Applause for Thailand’s controversial ‘tiger temple’

The famous “Temple of the Tigers” was finally forced to close, after nearly twenty years of controversy. Located on the outskirts of Bangkok, this popular tourist attraction allows visitors to touch and take pictures with the kittens; If you’ve seen such photos on the Facebook or Tinder accounts of your friends and acquaintances, they probably come from there.

A raid by Thai police discovered about 40 carcasses of tiger cubs stored in freezers; During this intervention, a monk who tried to escape with his skin and fangs was captured. Several individuals, who had been chipped, were missing. Police have charged a total of 22 people, including three Buddhist monks, with wildlife trafficking. Authorities are currently moving and relocating more than 100 cats to safe locations across the country; a decision was made after it was revealed that the center was engaged in an illegal and highly lucrative trade in tiger body parts – which the center’s management has officially denied .

I first visited the temple in 2008, as part of a larger project to monitor the rise of tiger breeding across China and Southeast Asia. I wanted to investigate the contribution of these captive tigers to their dwindling populations of wild species. Back then, we heard wrong and wrong about conservation. Signs along the road indicate in different languages ‚Äč‚Äčthat the temple has taken in tigers hunted by waves of poaching targeting Thailand and its last wild spaces. The money collected from tourists is to help the monks take care of their nurturers.

Several tigers are on display daily, chained in a central outdoor area, most often in the sweltering heat; therefore, they allow tourists to take selfies and get as close as possible to wildlife in captivity. The children were bottle-fed by the monks, so there were many photo opportunities. The other tigers, which were not shown, remained isolated in overcrowded and unsanitary concrete enclosures.

Investigations by NGOs show that tigers used to take selfies have been conditioned and trained with a range of techniques used in circuses, including beatings and circuses. punishment. One of the methods identified was spraying urine obtained from other males; This is a particularly brutal method, the opponent’s urine acts as a terrible repellent for these territorial animals.

It is reported that the animals on public display have been sedated and kept in chains so as not to pose a risk to tourists. The temple also denies this practice.

What are these animals really for?

Established in 1990 as an animal sanctuary, the temple has expanded and proposed to develop a tiger breeding program. But these individuals are of little conservation interest, as it is not known what subspecies they belong to and many of them will be hybrids. Therefore, it is almost impossible to introduce them into the wild. Tigers are indeed very difficult to re-wild and, even if possible, the fact that they have become habitable to humans poses serious security concerns.

So as the center’s cat population grew, so did rumors about the true nature of its activities.

Tiger organs and their derivatives have long gained value from their use in traditional Chinese medicine. Their bones can sell for up to $400 a kilogram, while a full set of skins can run into the tens of thousands. One penis is worth about 1,300.

Rumors of missing tigers at the temple persist. In April 2015, authorities carried out a raid following the revelation of a veterinarian who claimed that at least three individuals were missing. A few months earlier, National Geographic and the non-governmental organization Cee4life had said that beneath its thin veneer of sanctity, the temple was actually just a cover to conceal an illegal wildlife trade. more cunning and cunning.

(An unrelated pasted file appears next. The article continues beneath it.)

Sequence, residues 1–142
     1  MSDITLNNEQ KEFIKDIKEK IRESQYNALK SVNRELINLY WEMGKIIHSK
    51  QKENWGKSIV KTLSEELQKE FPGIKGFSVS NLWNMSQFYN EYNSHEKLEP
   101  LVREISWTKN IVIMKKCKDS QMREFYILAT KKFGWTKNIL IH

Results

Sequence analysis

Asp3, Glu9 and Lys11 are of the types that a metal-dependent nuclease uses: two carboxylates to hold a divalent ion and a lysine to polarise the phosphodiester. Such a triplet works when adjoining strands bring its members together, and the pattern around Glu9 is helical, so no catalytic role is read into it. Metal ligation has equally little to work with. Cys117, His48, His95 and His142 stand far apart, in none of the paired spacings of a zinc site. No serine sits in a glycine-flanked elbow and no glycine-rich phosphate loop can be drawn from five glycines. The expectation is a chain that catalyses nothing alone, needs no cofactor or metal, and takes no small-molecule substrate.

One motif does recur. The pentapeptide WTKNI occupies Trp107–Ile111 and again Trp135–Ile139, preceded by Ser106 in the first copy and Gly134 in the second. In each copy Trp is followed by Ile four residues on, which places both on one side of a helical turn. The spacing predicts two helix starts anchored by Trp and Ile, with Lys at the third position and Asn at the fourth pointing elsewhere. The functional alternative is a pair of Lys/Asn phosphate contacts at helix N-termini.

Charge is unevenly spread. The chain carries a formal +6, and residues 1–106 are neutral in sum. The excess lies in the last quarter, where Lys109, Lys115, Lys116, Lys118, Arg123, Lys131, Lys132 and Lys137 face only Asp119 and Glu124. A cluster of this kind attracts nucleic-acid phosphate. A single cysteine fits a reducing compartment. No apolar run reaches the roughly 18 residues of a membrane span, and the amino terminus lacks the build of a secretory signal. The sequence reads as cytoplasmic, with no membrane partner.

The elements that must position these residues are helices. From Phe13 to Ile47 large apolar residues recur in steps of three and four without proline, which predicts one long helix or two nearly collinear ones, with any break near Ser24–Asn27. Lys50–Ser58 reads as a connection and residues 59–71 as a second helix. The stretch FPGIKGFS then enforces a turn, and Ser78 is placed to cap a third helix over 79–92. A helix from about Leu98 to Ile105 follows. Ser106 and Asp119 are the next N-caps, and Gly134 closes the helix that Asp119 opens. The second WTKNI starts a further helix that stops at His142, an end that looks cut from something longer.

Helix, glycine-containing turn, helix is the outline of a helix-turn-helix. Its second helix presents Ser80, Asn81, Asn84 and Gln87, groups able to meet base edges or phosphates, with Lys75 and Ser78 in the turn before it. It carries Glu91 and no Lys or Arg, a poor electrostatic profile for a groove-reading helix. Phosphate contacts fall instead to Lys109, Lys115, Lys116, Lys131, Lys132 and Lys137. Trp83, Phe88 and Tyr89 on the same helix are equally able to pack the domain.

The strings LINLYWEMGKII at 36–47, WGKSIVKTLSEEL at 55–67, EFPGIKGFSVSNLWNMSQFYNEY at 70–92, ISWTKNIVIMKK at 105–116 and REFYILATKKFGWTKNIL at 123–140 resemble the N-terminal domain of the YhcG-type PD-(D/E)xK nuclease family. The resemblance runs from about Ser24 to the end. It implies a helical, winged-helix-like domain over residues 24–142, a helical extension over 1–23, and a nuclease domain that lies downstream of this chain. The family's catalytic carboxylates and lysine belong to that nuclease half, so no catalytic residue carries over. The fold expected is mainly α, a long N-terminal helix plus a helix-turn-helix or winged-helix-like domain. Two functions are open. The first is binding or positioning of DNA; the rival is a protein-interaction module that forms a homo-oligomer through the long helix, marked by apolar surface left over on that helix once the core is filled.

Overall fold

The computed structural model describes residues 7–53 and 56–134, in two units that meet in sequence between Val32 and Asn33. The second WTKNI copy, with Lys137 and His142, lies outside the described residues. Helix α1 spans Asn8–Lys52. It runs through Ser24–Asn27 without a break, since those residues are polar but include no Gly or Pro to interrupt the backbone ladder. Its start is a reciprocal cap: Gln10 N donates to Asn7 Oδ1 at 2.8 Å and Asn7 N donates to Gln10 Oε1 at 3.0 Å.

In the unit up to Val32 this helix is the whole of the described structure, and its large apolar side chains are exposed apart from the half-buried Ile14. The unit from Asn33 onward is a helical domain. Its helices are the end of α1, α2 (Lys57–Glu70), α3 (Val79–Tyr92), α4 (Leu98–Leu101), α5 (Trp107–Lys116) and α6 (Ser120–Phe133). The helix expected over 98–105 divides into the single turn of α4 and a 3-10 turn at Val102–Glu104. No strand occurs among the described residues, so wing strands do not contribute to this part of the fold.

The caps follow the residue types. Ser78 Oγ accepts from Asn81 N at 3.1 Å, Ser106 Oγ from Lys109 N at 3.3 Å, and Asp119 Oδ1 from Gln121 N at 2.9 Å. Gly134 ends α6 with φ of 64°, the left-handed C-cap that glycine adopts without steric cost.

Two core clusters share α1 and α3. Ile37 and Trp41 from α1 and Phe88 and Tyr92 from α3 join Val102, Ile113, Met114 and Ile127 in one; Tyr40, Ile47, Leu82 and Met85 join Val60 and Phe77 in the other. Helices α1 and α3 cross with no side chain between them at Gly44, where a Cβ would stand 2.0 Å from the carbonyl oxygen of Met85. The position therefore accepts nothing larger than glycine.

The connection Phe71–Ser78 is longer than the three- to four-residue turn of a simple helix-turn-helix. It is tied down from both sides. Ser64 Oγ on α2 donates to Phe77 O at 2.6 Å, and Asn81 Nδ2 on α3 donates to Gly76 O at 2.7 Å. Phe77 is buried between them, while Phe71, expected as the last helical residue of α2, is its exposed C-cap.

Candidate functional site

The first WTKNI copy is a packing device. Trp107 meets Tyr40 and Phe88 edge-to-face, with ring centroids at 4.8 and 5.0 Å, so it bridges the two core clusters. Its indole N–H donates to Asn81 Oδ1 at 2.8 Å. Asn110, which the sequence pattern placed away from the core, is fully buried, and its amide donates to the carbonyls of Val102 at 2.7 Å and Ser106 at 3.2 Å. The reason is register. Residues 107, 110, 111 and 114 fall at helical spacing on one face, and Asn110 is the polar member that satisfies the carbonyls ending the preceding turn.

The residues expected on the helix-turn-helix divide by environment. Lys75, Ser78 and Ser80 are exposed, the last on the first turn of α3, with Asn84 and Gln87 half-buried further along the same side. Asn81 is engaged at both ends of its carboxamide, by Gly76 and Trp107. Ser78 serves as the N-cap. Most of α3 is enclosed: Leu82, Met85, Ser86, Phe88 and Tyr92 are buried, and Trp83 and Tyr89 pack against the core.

Tiger turns into money cow

If the closure of the center has been widely welcomed, the “temple of the tigers” is just one example among many others, where hundreds of cats pile up in breeding dens, shelters, and shelters. of thousands of undeclared cats. The conditions in this vast web are just as barbaric, if not worse, even if the reasons given for their existence are everywhere the same, namely conservation.

Proponents of these farms argue that they provide a legitimate supply of skins, bones and jawbones, thereby reducing pressure on wild populations. But here’s a pretty simple economic argument: flood the market with goods from captive animals and poachers will find themselves unemployed…

Opponents of these farms point out that this “legitimate” trade legitimizes demand for such products and also makes people ultimately want wildlife skins for a fraction of the cost. lower fees. Demand must be stopped and established zero tolerance for this trade, as well as for any other form of illegal trade.

Animal abuse has focused most of the criticism Tiger Temple has received. But if evidence of illegal trade in animal parts was established, it would clearly go against the laws of that country in accordance with the provisions of the Convention on International Trade in Animals. Endangered Species of Wild Fauna and Flora (CITES).

This closure must be the first of a long string. It is now possible to target other hubs across Asia, where tigers are transformed into a wealth of resources that can be mined for profit. These structures have no added conservation value; on the other hand, they justify a kind of tourism that is irresponsible and does not provide any experience that allows for a real appreciation of the wildlife.

Now is the time to ensure that this closure is the start of a more concerted effort to end cruelty to animals, as well as the illegal wildlife trade. Otherwise, this resounding episode would have no effect.

The original version of this article was published on The Conversation.

Also on HuffPost:

Leave a Comment

Your email address will not be published.